Fonterra has posted a 53 per cent drop in interim net profit as high dairy commodity prices and processing constraints hit the dairy co-op's margins.
Net profit for the six months to January 31 was $217 million, down from $459 million a year earlier, the company said.
Fonterra said total revenue for the six month period rose 21 per cent to $11.3 billion, while normalised earnings before interest and tax (ebit) fell 41 per cent to $403 million.
The interim result covers the period of Fonterra's botulism false alarm in August, which resulted in a global recall of dairy products, mostly infant formula.
While high dairy prices are a boon for farmers, the cooperative's earnings are negatively impacted because it has to purchase the milk at the higher rates before processing it into consumer products like milk powder.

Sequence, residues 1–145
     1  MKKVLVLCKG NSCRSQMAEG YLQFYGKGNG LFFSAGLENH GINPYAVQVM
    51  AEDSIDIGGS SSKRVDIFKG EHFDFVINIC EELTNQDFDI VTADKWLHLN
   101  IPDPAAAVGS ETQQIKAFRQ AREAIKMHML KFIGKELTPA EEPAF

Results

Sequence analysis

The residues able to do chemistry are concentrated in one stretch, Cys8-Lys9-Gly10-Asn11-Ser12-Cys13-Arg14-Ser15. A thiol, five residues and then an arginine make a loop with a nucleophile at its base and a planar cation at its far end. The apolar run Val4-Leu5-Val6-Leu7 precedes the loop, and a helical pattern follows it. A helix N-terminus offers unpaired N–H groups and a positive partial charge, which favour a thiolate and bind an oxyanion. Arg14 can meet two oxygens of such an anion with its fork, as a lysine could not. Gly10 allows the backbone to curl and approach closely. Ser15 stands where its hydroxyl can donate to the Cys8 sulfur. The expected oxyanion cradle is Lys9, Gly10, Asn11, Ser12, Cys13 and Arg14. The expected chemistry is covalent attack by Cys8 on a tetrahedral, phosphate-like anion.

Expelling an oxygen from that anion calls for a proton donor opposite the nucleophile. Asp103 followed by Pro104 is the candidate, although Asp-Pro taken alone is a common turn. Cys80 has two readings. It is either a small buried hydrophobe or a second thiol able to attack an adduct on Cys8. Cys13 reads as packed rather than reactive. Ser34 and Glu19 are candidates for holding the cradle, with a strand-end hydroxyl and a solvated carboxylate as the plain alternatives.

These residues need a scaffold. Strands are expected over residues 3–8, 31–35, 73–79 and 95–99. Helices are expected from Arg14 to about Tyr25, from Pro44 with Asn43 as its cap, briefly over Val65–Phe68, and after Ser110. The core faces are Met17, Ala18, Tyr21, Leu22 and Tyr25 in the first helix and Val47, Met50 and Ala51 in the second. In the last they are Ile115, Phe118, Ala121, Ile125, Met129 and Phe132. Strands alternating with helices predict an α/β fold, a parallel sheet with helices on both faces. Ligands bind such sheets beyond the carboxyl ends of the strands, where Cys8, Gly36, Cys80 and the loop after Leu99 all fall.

Strong milk production means Fonterra is also facing capacity constraints in its milk powder processing facilities.
"We processed as much of this milk into the higher returning milk powder product streams as we could," said chief executive Theo Spierings. "However, our current asset footprint meant that around 25 per cent had to be processed into cheese, casein and other non-reference commodity products which earned negative returns over the period."
Spierings said volatility was "a fact of life" in the dairy industry.
"We are very focused on delivering a consistently strong farmgate milk price, as well as stable and growing earnings over the medium to long term," he said. "Higher dairy commodity prices have put increasing pressure on margins in our consumer and food service businesses. We had to strike a balance between passing on rising costs immediately or continuing to build our market presence to secure long term growth."
Fonterra reiterated its record forecast cash pay-out of $8.75.